Turning negatives into positives is one of the key elements of Solution-Focused Therapy, which makes the client’s strengths the focus of each session. Included in SAMHSA’s National Registry of Evidence-Based Programs & Practices (NREPP), Solution-Focused Therapy utilizes acknowledgment, compliments, scaling, goal negotiation, gratitude, and validation to help clients identify strengths and resources to attain their goals.
The therapist uses “For You” statements to acknowledge and validate a person’s feelings about a situation. To a mother, the therapist might say something like, “This must be really frightening for you to witness your daughter struggling with substance abuse and refusing to accept treatment.” To a son who refuses treatment, a therapist might say, “It must be really frustrating for you when your parents are forcing you to enter a rehab program, isn’t it?” The addiction therapist reads body language and uses active listening skills to gauge the emotional barometer of both clients and their loved ones.
Many individuals who suffer from substance abuse have a poor self-image, so compliments go a long way in building one’s self-esteem. During a counseling session, the therapist pays close attention to the client’s strengths and resources and points them out as often as possible. Even negatives can be turned into positives, as the therapist helps the client see it in a new light. For example, if clients cannot say anything positive about themselves at all, therapists can point out that the skills the clients used to obtain their drug of choice could be transferred to a different context.
Addiction therapists have their clients rank their priorities on a scale of 1-10. For example, the therapist may ask questions like, “How satisfied are you with attaining your goals? Which goal is the most important to you right now? How important is sobriety to you?” Questions like these help therapists to gauge the level of urgency, confidence, progress, and motivation for change that clients possess during various stages of recovery. Clients are empowered to see for themselves whether or not they are achieving their dreams, which increases motivation for change.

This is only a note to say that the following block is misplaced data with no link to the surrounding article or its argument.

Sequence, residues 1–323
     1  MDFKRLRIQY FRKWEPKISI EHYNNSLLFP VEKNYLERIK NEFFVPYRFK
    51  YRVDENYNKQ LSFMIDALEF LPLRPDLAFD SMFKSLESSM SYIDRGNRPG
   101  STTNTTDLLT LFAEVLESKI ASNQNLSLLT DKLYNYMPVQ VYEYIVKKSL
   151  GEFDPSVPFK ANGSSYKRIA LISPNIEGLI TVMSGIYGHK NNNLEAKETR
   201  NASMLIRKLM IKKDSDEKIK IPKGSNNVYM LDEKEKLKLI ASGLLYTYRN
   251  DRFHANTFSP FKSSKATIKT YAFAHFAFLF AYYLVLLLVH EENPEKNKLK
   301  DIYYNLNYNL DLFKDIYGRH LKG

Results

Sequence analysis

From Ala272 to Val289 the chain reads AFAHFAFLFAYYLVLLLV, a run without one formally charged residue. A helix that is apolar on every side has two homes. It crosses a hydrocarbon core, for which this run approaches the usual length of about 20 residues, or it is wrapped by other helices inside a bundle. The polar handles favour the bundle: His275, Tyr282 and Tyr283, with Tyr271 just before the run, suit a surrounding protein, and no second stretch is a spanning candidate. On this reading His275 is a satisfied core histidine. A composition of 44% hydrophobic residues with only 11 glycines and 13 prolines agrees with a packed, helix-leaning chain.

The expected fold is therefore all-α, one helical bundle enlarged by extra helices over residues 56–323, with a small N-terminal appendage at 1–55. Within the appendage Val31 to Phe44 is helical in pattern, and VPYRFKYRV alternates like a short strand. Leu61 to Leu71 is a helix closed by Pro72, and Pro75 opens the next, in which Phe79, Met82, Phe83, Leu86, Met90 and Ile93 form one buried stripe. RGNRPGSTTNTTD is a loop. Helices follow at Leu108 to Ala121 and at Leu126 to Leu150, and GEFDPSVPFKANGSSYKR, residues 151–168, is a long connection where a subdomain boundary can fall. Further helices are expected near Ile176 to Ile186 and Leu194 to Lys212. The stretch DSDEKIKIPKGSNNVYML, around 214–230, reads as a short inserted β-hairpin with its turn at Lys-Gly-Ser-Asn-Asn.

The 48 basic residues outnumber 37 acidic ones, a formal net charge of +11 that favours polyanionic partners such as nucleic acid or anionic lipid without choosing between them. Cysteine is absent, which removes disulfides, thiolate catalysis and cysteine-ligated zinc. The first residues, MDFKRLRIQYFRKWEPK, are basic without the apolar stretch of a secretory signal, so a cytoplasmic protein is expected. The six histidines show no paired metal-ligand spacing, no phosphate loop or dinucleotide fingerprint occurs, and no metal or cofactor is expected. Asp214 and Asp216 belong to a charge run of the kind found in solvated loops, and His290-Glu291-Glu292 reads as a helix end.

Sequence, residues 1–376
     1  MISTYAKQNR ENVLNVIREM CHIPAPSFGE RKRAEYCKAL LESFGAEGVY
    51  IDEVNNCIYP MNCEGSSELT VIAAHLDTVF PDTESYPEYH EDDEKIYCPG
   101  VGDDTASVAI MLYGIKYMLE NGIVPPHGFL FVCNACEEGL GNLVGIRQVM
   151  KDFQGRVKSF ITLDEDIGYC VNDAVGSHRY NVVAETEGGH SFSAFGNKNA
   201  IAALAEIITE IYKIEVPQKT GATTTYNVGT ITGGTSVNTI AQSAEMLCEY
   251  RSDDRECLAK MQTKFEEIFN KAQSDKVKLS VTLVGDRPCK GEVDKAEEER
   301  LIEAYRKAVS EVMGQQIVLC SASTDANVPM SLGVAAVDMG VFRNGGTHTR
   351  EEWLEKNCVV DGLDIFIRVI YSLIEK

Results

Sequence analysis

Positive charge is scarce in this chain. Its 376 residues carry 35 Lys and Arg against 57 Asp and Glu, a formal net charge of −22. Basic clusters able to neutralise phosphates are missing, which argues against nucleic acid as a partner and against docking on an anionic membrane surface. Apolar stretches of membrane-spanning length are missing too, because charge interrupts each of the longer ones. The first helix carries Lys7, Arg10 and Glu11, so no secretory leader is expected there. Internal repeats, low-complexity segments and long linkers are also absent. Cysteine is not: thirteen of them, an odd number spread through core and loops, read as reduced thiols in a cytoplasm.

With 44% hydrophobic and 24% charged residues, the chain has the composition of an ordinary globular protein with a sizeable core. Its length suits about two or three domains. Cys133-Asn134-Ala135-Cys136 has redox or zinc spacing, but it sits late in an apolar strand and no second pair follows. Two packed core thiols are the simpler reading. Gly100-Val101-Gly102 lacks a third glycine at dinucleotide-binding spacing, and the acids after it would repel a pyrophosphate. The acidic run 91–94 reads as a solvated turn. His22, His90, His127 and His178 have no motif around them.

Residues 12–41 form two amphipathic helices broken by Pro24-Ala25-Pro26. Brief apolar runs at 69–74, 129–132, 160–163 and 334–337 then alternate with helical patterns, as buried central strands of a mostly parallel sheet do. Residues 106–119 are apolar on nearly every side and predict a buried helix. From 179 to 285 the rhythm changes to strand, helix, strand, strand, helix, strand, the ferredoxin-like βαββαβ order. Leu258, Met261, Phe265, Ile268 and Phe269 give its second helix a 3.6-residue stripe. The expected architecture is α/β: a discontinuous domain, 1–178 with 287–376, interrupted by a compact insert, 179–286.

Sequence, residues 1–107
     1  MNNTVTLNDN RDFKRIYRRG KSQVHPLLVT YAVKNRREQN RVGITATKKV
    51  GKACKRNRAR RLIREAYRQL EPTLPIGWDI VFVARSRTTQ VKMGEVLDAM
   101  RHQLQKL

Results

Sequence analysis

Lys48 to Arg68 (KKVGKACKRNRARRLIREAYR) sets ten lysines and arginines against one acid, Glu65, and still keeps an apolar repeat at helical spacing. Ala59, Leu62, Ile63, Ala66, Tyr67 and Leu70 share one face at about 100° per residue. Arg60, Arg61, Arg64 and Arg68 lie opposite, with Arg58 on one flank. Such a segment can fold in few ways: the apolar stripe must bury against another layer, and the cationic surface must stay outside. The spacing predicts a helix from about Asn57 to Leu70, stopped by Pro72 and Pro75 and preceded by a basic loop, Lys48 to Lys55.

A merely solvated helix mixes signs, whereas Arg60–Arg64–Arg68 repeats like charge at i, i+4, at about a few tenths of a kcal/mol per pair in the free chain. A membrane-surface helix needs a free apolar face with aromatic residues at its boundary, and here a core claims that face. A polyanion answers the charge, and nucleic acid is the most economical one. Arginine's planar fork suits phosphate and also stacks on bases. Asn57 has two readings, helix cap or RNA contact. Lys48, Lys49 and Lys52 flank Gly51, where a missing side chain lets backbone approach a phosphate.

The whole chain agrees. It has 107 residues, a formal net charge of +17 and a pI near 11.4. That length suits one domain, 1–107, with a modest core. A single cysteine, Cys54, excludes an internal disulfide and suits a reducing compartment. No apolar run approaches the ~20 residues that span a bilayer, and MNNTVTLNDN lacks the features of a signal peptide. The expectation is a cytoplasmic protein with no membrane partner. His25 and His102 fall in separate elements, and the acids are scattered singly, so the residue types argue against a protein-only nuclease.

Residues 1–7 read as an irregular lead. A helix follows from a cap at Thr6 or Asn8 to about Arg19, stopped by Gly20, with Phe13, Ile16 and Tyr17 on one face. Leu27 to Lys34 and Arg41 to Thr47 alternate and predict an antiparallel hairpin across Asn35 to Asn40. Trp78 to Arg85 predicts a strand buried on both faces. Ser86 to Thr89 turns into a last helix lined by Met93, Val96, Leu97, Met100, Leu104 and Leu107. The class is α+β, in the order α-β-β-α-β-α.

In goal negotiation, counselors learn about their clients’ motivation for drug use through a series of questions that reduce the likelihood of defensive answers. For example, rather than asking a client, “Why are you using these drugs?” a counselor might ask, “How does this drug help you cope with that situation?” These non-judgmental, open-ended questions not only help addiction therapists gain insight into their clients’ motivation, but they also assist clients in seeing for themselves how substance abuse obstructs the fruition of their dreams and goals. For clients who have one foot in and one foot out of treatment, goal negotiation helps clear the ambivalence and motivate them to be focused on what they want in life and see addiction therapy as a means to an end.
Few things on Earth are more powerful than gratitude statements, especially if you say them to the people who mean the most to you. In Solution-Focused Therapy, clients and loved ones will be asked to say what they appreciate the most about each other. If they are not used to hearing it, clients and their family members will be moved to tears as words of love and gratitude are exchanged.
When counselors intentionally point out any victories, small or large, they are validating their clients’ progress and the measure of success in the program, which fuels their motivation to stay in treatment. Milestones may include refraining from relapse, being emotionally transparent while managing cravings, reflecting upon one’s consequences of actions, successfully achieving a goal or showing consideration for one’s impact on other relationships. As counselors explore these positive points with their clients, they may discover other additional untapped resources that will help clients in their recovery.